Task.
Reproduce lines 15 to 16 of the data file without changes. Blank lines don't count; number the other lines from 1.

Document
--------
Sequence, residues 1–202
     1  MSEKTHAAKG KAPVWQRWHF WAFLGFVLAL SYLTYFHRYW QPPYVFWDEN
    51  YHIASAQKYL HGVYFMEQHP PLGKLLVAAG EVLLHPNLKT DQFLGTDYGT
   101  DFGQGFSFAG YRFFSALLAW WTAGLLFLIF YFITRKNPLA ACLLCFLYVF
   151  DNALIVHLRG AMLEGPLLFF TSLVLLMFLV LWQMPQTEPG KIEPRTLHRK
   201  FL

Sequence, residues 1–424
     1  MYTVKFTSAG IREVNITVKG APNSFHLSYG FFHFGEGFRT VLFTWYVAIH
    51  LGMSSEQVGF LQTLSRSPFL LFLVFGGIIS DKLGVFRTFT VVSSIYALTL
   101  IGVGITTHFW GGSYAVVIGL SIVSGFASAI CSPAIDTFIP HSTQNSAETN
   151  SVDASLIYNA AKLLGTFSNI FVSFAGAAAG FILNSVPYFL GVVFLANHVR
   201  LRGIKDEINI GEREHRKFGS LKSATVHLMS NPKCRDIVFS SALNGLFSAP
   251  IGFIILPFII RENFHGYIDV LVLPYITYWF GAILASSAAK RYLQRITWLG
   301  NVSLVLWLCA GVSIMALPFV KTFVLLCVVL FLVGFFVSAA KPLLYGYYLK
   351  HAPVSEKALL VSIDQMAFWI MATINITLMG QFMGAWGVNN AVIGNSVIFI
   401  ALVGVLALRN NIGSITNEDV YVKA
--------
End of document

   351  HAPVSEKALL VSIDQMAFWI MATINITLMG QFMGAWGVNN AVIGNSVIFI
   401  ALVGVLALRN NIGSITNEDV YVKA